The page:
Italian tax breaks, the race to renovate is on
reading time: 6 minutes
interview with Giovanni Danna
Is an executive with Confindustria Ceramica, where he deals mainly with issues regarding environmental building standards (environmental code, IPPC, Emissions Trading, etc.), product sustainability (LCA, Ecolabel, EPD, Minimal Environmental Criteria), energy management (quotations, interruptibility, white certificates, etc.) and building energy efficiency. He is operations manager of Gas Intensive S.c. a r.l., sits on the Boards of Ceramica Interrompibilità consortium and ICMQ S.p.A., is a member of the Executive Council of ICMQ and participates in the Executive Council of Federcostruzioni. From 2002 to 2019 he was Technical Manager of the Brick Products Industry body Associazione Nazionale degli Industriali dei Laterizi (now incorporated in Confindustria Ceramica). In the early 2000s he worked for ISPRA – then ANPA, National Environmental Protection Agency – focusing on the Ecolabel and EPD (Environmental Product Declaration), and before that (1994-2000) he was employed by Fiat Group companies (FISIA Italimpianti and FENICE) on research projects into energy recovery from industrial waste, and environmental audits.
Primary and secondary renovation works, grant and tax credit transfer schemes: it has got off to a slow start, but Italy’s “Superbonus” is expected to give a strong boost to the housing market. And materials, as well as technologies, are all-important. We talked to Giovanni Danni, a building regulations expert with Confindustria Ceramica.
The “Superbonus” scheme is calculated to be worth 8,069 million Euro, , 1,614 in 2021 and 6,455 in 2022. These are the forecasts provided by the report produced by Cresme in association with the Lower House of the Italian Parliament, published in December of last year. The Report talks about housing stock consisting of 6 million buildings, comprising 19 million homes.
This slow start was due to an initial lack of clarity. The types of grant also vary…
At the moment, a large number of types of bonus are available simultaneously: the first was launched years ago and is a 50% write-off of renovation costs against tax, then there are the 65% energy saving upgrade grant, the building facade restoration grant of 90%, and now the 110% “Superbonus” as well. All these programmes have different goals, from energy efficiency to making buildings safe, and they continue to be available, for different sorts of works. The “Superbonus” has given them all a strong shot in the arm, since the option of transferring the tax credit and of receiving a discount at the time of payment for works now applies to all the schemes. Someone simply renovating their home, redoing the bathroom and kitchen, for example, can benefit from the 50% renovation bonus with transfer of the tax credit. The Water Bonus is a new feature introduced by the national Budget at the end of last year, which is awaiting implementation by a ministerial decree, with approval pending. It introduces a 1000 Euro grant per taxpayer for the replacement of sanitary fixtures and bathroom and kitchen taps with new, water-saving items. This bonus is not combined with the other schemes and can be applied for on its own. For example, even if you do not renovate your whole bathroom or kitchen, but simply replace your sanitary fixtures, taps or shower.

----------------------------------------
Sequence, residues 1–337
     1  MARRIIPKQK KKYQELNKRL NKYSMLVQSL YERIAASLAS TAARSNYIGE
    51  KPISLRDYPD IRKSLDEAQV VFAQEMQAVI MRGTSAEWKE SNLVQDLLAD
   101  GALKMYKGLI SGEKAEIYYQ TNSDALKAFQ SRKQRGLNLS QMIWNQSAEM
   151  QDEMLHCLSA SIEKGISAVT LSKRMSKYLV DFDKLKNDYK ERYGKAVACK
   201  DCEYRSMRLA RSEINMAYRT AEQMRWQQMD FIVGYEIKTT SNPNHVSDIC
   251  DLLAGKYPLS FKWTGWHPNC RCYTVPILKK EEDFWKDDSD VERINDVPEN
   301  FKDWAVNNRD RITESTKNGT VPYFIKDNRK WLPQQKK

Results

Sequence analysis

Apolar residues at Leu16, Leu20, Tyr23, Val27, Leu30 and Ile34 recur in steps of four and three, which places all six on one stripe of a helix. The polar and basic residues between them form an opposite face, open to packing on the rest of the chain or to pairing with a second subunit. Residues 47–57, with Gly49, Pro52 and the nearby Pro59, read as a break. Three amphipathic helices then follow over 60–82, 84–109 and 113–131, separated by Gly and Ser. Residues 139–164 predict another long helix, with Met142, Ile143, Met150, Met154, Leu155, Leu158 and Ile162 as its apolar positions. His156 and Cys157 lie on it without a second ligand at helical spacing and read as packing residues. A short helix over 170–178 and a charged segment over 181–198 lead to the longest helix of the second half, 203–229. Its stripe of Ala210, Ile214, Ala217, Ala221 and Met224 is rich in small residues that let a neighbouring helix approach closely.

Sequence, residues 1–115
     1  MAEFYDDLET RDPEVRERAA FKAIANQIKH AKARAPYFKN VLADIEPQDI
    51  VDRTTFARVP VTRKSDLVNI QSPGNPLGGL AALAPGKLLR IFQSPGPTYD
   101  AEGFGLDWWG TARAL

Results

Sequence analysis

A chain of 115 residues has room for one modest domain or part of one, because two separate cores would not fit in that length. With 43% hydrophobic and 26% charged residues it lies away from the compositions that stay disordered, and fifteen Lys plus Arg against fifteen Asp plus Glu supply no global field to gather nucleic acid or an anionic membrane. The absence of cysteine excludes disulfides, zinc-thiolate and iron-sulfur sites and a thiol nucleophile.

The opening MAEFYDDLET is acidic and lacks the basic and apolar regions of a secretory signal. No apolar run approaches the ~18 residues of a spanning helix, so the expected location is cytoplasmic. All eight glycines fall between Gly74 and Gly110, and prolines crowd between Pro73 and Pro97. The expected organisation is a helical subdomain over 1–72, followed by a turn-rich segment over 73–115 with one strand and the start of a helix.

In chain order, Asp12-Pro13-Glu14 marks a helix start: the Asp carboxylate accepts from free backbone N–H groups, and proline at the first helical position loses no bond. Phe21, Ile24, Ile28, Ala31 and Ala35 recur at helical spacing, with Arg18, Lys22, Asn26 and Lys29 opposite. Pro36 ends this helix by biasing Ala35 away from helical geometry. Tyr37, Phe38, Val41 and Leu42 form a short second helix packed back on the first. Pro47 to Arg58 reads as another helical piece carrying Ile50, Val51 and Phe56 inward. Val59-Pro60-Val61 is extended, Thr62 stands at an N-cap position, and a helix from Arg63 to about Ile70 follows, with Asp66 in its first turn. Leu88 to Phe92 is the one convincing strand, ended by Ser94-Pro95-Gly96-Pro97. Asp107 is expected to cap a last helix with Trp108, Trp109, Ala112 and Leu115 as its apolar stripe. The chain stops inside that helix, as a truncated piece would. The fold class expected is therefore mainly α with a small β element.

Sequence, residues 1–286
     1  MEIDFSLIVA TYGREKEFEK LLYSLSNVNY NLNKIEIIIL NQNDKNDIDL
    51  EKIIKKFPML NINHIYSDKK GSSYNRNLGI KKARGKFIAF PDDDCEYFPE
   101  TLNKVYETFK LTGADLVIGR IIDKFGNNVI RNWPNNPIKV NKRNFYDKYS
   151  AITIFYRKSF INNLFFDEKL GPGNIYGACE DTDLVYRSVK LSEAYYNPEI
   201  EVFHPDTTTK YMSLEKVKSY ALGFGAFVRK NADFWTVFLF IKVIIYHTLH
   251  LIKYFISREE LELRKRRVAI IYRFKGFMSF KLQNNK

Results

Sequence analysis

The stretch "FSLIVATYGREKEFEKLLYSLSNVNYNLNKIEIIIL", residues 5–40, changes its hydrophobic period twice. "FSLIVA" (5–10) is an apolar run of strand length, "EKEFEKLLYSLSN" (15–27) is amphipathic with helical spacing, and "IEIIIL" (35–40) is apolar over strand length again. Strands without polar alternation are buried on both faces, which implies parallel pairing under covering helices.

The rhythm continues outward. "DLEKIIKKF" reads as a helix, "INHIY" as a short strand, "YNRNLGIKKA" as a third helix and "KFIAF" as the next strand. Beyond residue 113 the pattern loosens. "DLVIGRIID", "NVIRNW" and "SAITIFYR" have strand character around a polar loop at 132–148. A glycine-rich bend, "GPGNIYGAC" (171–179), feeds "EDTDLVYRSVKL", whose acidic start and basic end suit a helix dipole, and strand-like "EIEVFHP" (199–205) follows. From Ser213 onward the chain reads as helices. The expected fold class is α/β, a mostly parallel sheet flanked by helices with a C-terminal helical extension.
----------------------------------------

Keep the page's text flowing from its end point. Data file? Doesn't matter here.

I imagine that the forecast building boom is also expected to boost the market for ceramics and brick construction materials.
Upgrades to building envelopes are crucial for qualifying for the “Superbonus” and for restoring the efficiency of existing buildings. In fact, the primary works considered by the legislation are the thermal insulation of walls and the replacement of existing heating systems.
Brick and related materials are fundamental for the improvement of outside walls and also for ventilated roofs finished with terracotta tiles. The upgrading of building facades with ventilated and insulating systems is also a big opportunity for ceramic slabs and tiles. Ceramics are widely used in the renovation of the communal parts of apartment blocks and qualify for grants if radiant underfloor heating systems are installed; in this case, the demolition and reconstruction of the flooring and its finishings all qualify for funding. In case of projects to improve buildings’ earthquake safety, on the other hand, all the work done, including the finishings, is eligible for the grant.
When it comes to the “Superbonus”, the installation of new ceramic surfaces is classified as secondary work, arising from the primary works undertaken.
This type of work is also covered by the grants scheme for renovation projects, with transfer of the tax credit or a 50% deduction, and is certain to appeal to private customers. To ensure our various audiences of final customers and architects are properly informed, Confindustria Ceramica has launched a social media campaign on the use of ceramic and brick materials in renovation projects.
Will the “Superbonus” also revitalise the other bonus schemes?
All the current bonuses have supported the market in recent years, but the tax credit transfer option is creating a wonderful new opportunity. Until this measure was introduced, customers had to advance the whole price of the works, which would then be deducted from their income tax over the following ten years. Now the subsidy is immediately available in the form of a 50% deduction, or in some cases no payment at all for the works: an amazing measure. This also a great opportunity for urban regeneration strategies, since these processes will receive a strong boost from the system of tax breaks.